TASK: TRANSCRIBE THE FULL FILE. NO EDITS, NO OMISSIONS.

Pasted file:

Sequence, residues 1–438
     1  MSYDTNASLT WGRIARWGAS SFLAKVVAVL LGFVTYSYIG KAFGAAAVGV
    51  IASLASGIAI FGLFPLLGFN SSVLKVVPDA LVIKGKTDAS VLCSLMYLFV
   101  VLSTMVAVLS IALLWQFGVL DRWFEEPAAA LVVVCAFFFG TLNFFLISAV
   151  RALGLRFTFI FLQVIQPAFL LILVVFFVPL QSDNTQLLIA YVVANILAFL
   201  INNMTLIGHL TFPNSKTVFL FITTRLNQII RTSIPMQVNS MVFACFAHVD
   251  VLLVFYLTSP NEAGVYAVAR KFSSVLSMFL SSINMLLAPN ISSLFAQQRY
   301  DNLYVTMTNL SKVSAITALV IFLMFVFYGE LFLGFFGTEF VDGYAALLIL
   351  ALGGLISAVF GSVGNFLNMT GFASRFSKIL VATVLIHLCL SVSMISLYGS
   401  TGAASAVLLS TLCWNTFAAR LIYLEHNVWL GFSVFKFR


Sequence, residues 1–438
     1  MSYDTNASLT WGRIARWGAS SFLAKVVAVL LGFVTYSYIG KAFGAAAVGV
    51  IASLASGIAI FGLFPLLGFN SSVLKVVPDA LVIKGKTDAS VLCSLMYLFV
   101  VLSTMVAVLS IALLWQFGVL DRWFEEPAAA LVVVCAFFFG TLNFFLISAV
   151  RALGLRFTFI FLQVIQPAFL LILVVFFVPL QSDNTQLLIA YVVANILAFL
   201  INNMTLIGHL TFPNSKTVFL FITTRLNQII RTSIPMQVNS MVFACFAHVD
   251  VLLVFYLTSP NEAGVYAVAR KFSSVLSMFL SSINMLLAPN ISSLFAQQRY
   301  DNLYVTMTNL SKVSAITALV IFLMFVFYGE LFLGFFGTEF VDGYAALLIL
   351  ALGGLISAVF GSVGNFLNMT GFASRFSKIL VATVLIHLCL SVSMISLYGS
   401  TGAASAVLLS TLCWNTFAAR LIYLEHNVWL GFSVFKFR